Funds to aid city victims of flipping

WASHINGTON — WASHINGTON - Baltimore homeowners and neighborhoods victimized by property flipping will receive $6 million in government funds to help repair the damage from years of fraudulent sales.

"This program is the first step toward fighting flippers, protecting homebuyers and rebuilding Baltimore neighborhoods," said Sen. Barbara A. Mikulski, a Baltimore Democrat.


Mikulski and Democratic Sen. Paul S. Sarbanes of Baltimore announced that $5 million will come from the U.S. Department of Housing and Urban Development. The state of Maryland will contribute $1 million.

Mayor Martin O'Malley welcomed the funds.


"This is going to be a great opportunity for Baltimore to show the rest of the country how we can remedy this situation," he said. "This is hitting most of our fragile neighborhoods and hitting them hard."

Steps outlined

The announcement came as the head of the Federal Housing Administration outlined steps his agency is taking in Baltimore to deal with property flips that have been financed with mortgages insured by his agency.

"We need to recognize that hundreds of people have been scammed," said William Apgar, the FHA commissioner. "We need to provide relief to them."

More than 2,000 Baltimore houses have been flipped during the past four years - bought and quickly resold for at least a 100 percent increase in price - with little or no repair.

The FHA financed many of the deals, but most of the flips were financed with conventional mortgages and aren't involved in the FHA effort.

Apgar and members of a Baltimore task force that has been working with the FHA appeared before Mikulski and Sarbanes to report on their efforts.

Mikulski, the senior Democrat on the subcommittee that handles the HUD budget, held a hearing in Baltimore in March.


She is generally credited with awakening HUD to the flipping problem in Baltimore and HUD's role in it. FHA is a HUD agency.

Yesterday's meeting occurred on the eve of a two-day hearing by another Senate panel that has conducted a nine-month investigation of property flipping in Baltimore and other cities.

Mikulski is scheduled to be the lead-off witness at today's hearing before the Permanent Subcommittee on Investigations.

The FHA is expected to take a drubbing at the hearing for its part in financing property flips and for inadequate monitoring of lenders who make FHA loans.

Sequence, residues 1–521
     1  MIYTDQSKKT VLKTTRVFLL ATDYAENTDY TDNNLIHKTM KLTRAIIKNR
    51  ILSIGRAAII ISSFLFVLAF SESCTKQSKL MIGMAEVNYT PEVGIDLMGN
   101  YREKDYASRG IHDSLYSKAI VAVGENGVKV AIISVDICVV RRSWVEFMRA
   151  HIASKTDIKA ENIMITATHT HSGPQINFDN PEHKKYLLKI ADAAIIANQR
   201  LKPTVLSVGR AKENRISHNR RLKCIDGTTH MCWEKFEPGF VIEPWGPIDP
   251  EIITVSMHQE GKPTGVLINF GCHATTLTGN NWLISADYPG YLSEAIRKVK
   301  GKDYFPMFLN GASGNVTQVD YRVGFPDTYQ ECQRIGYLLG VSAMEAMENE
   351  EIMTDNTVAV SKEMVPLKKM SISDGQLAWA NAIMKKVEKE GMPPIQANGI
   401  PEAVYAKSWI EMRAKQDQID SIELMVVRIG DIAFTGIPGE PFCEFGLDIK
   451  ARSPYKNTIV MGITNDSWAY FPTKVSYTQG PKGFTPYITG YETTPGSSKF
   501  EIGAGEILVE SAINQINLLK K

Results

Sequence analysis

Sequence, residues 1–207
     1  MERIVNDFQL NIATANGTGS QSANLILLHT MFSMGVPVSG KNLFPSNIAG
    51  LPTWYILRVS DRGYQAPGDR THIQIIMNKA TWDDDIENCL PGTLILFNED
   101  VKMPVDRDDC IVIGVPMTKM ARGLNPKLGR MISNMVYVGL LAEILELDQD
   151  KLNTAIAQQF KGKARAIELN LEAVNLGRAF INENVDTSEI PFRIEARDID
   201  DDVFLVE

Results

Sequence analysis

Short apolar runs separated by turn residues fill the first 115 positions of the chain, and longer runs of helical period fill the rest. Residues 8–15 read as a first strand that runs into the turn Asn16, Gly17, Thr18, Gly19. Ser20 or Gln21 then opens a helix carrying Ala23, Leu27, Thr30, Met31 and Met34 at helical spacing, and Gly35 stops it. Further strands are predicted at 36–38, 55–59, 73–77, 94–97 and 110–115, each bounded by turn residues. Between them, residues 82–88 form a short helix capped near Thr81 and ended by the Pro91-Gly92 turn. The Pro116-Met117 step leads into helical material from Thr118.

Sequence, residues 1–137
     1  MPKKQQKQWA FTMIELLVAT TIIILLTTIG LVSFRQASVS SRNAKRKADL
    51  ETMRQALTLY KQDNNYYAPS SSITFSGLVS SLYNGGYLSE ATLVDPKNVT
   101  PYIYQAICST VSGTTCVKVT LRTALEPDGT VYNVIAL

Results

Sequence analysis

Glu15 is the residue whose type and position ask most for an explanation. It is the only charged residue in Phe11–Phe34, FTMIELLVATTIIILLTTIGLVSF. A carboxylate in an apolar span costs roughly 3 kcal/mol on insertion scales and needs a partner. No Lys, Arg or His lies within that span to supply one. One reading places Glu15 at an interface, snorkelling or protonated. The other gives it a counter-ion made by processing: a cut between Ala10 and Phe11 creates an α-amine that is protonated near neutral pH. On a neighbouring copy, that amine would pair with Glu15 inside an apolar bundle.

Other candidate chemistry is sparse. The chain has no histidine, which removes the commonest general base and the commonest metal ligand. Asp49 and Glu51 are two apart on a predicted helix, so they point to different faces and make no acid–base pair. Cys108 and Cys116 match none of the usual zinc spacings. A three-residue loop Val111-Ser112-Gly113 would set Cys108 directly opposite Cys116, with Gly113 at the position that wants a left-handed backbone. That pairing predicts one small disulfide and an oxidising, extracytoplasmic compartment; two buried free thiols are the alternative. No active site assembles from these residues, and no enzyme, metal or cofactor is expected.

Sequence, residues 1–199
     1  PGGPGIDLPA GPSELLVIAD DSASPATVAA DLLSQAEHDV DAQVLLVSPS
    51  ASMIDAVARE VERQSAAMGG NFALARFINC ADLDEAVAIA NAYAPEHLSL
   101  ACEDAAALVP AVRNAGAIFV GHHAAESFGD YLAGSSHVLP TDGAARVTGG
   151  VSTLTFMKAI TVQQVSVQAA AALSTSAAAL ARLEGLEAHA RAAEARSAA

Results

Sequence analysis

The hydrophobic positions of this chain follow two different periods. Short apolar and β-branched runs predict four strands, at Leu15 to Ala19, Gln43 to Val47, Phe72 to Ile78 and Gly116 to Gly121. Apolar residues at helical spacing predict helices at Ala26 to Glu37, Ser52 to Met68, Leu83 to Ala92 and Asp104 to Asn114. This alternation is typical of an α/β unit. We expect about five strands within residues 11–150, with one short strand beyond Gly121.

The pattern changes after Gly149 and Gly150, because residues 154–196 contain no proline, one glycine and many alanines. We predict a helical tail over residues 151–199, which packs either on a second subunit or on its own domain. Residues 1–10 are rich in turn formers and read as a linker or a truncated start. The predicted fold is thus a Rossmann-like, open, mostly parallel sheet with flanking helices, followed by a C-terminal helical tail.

"I find it very troubling that so many citizens in our nation's cities have been victimized by the predatory practices of unscrupulous real estate agencies, appraisers and lenders," Sen. Susan M. Collins, the Maine Republican who heads the subcommittee, said in a statement this week.

"But, what I found most appalling is that the federal government essentially has subsidized much of this fraud. HUD, through FHA, has insured many of the mortgages that finance these fraudulent transactions," said Collins.


Criticism of HUD

The General Accounting Office, the investigative arm of Congress, recently criticized HUD for failing to adequately monitor lenders that pose the highest risk of making bad loans and for failing to use its authority to kick poorly performing lenders out of the program.

HUD has barred some lenders from the FHA program, but federal judges in Baltimore ruled HUD exceeded its authority in sanctioning two local lenders.

Those decisions have been appealed.

Sarbanes and Mikulski introduced legislation yesterday to clarify HUD's authority to remove lenders from the FHA program.

The $6 million effort to help flipping victims and neighborhoods will be run by the city housing department.


Housing commissioner Patricia J. Payne said she hopes to tap mortgage lenders and foundations for additional funds and has asked the mayor to seek an additional $5 million from the state next year.

The mayor remarked "it is safe to say" that he will ask for those funds.

Uses of money

In part, the money will be used to help finance homeownership, spruce up neighborhoods saddled with flipped houses - many of which are vacant after foreclosure - and establish a clearinghouse where homeowners who believe they have been victimized by inflated loans can seek help.

Payne's agency also will target two or three of the most seriously affected neighborhoods for stabilization of vacant houses.

"Stabilizing roofs and other parts of vacant buildings is essential to ensuring their ultimate productive reuse," said the task force report.


Yesterday, Apgar provided an update to both Mikulski and Sarbanes on FHA efforts to help flipping victims in Baltimore who have FHA mortgages that exceed their houses' value.

Demands on lenders

The FHA said it will try to prevent recurrences of the practice, and it will demand that lenders who made inflated loans reduce them to the value of the houses and repair the buyers' credit reports.

If the lenders won't reduce the loans, then the FHA will take them over.

The FHA will start by demanding that lenders reduce a half-dozen mortgages in which the loans exceed the value of the property by 140 percent or more.